Jeffrey Herf discovers that “liberals should be willing to devote more efforts to the moral and political delegitimation of radical Islamism. It is a form of totalitarian ideology. It is profoundly reactionary and deeply anti-Semitic and, in this sense, racist. It draws on a radicalization and selective reading of the religion of Islam. During both World War II and the cold war, the United States derived great strategic value from naming its adversaries and publicly discussing and denouncing their ideologies. It fought wars of ideas that accompanied the force of arms. We need to understand the importance of doing that today as well.” Who knew?
Candidate Obama denied that Zbigniew Brzezinski was an adviser on the Middle East, but now Brzezinski’s giving Obama a nudge to impose a peace plan. It’s almost as if candidate Obama had disguised his true inclinations on Israel.
The mainstream media have hyped the comments of stray Tea Party activists but almost entirely ignored the doubling of anti-Semitic incidents in 2009. “Of course, recent history has shown American media only concerned with acts of violence when they fit into an agenda being advanced.”
Maybe we should bring back the term “Islamic radicalism“: “Chilling new details about the foiled Al Qaeda plot to blow up the city’s busiest subways have emerged as a fourth suspect was quietly arrested in Pakistan, the Daily News has learned. The unidentified man, who helped plan the plot, is expected to be extradited to the U.S. to betried in Brooklyn Federal Court with Adis Medunjanin and Zarein Ahmedzay of Flushing, Queens, sources said.”
Imagine the damage she’d do with a lifetime appointment: “The White House moved quickly today to squelch the widening speculation that Hillary Clinton could be nominated to the Supreme Court, as Senator Orrin Hatch suggested this morning.”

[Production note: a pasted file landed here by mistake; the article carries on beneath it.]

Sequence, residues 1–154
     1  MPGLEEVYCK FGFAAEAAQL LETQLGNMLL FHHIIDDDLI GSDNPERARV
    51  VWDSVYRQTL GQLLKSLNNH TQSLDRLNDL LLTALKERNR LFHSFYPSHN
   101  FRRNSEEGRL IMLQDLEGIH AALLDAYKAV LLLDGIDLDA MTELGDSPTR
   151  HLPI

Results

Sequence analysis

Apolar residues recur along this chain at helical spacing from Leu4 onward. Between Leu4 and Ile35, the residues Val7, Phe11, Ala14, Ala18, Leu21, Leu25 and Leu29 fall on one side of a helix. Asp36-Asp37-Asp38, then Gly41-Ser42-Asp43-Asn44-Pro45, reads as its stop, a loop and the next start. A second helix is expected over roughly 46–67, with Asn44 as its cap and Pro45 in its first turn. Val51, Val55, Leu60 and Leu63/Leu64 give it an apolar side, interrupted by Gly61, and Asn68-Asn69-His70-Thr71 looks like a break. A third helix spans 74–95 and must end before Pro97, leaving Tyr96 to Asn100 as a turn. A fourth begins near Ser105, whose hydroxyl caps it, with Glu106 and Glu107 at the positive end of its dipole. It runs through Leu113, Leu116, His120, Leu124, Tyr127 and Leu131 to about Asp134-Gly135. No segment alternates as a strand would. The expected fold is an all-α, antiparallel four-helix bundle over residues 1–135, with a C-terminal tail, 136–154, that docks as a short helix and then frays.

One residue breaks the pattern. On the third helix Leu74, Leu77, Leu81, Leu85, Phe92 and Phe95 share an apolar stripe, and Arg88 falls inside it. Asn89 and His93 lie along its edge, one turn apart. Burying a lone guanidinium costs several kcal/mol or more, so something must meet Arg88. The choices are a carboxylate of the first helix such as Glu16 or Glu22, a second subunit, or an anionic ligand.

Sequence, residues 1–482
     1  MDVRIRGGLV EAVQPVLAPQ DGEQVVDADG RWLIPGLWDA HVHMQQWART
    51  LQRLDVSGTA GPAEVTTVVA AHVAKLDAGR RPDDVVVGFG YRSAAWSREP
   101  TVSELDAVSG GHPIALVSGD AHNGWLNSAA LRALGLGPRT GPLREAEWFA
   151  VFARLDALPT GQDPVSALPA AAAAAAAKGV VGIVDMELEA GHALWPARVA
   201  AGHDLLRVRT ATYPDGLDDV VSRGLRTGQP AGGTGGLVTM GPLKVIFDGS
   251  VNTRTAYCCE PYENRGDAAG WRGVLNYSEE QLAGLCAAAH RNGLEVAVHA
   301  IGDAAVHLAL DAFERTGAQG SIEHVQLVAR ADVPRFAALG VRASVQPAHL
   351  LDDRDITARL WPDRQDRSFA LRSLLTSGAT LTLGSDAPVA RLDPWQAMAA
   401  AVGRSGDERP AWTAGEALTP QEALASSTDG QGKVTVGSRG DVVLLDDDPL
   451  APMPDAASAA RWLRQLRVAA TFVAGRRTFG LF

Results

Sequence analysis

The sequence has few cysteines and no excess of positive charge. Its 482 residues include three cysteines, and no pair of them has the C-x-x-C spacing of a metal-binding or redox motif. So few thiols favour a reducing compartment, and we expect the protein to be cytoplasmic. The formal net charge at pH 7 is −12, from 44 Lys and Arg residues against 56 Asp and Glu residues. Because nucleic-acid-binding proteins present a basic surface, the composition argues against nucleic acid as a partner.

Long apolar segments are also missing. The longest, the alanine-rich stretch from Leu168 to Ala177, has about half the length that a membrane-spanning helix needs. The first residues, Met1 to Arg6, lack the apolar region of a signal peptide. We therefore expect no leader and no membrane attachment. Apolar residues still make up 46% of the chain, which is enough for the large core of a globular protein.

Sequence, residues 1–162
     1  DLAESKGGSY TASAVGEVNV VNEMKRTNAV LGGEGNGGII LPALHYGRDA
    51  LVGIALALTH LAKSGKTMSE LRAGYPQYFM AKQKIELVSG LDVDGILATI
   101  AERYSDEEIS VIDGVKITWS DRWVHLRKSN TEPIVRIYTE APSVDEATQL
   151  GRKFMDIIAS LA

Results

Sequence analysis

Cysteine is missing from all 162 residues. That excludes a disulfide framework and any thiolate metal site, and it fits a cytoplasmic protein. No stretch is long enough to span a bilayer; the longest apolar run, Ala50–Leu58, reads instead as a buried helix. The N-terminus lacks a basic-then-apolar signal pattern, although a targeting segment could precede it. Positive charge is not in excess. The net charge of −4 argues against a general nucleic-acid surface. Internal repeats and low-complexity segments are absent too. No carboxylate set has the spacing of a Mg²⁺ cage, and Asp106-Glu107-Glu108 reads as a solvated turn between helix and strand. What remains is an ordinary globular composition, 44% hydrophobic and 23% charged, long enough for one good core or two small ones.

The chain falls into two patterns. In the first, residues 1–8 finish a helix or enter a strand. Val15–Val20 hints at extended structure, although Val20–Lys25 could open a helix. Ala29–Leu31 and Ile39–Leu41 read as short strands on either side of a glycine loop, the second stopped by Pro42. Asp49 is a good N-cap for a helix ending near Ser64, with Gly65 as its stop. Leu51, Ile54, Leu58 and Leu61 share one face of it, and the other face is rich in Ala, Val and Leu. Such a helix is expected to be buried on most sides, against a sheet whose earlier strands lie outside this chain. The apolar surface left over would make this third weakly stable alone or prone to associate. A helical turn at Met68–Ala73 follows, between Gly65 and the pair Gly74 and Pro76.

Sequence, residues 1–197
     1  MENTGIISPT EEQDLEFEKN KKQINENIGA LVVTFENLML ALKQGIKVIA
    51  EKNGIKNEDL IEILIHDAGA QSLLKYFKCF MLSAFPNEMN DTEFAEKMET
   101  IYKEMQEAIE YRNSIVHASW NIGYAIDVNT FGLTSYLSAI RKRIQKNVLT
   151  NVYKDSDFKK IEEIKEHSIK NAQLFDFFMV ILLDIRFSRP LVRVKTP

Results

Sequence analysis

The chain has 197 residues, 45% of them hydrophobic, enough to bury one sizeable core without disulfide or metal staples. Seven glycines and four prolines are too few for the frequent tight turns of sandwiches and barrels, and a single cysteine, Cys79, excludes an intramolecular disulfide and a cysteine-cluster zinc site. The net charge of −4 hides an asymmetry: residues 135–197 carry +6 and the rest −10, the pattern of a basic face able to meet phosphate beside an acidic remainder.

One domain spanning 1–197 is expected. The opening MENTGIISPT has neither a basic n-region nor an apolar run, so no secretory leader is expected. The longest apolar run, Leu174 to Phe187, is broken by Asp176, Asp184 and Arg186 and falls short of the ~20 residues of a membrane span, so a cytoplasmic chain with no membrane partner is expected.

Shocking as it may seem, North Korea is not going to be sweet-talked into giving up its nuclear ambitions.
It’s not just Israel that’s staying away: “President Obama is holding one of the biggest global summits ever on U.S. soil starting Monday, but for all the hoopla, the event will be missing America’s strongest allies. As remarkable as it is, the fact that neither British Prime Minister Gordon Brown nor Israeli Prime Minister Benjamin Netanyahu are attending President Obama’s nuclear security summit in Washington Monday and Tuesday is not altogether surprising.Relations with both countries — Israel in particular — have grown strained under Obama. Combined with Afghan President Hamid Karzai’s recent defiance of the administration, questions are growing about the president’s ability to maintain important relationships. … The president’s critics, many of them from the Bush administration, say the summit absences — heads of state from Australia and Saudia Arabia also are not attending — are the most glaring examples of a floundering foreign policy that treats rivals and enemies better than friends.”
An expensive broken promise by Obama: “Taxpayers earning less than $200,000 a year will pay roughly $3.9 billion more in taxes — in 2019 alone — because of healthcare reform, according to the Joint Committee on Taxation, Congress’s official scorekeeper for legislation. The new law raises $15.2 billion over 10 years by limiting the medical expense deduction, a provision widely used by taxpayers who either have a serious illness or are older.”
Charles Krauthammer on Bart Stupak: “The guy’s political epitaph will read ‘A good man who played over his head.’ He held out and then he got squeezed by the president and the speaker. He caved. And the worst part of it was that he pretended that the instrument of surrender he signed was a victory. It’s a sad ending to a long career.”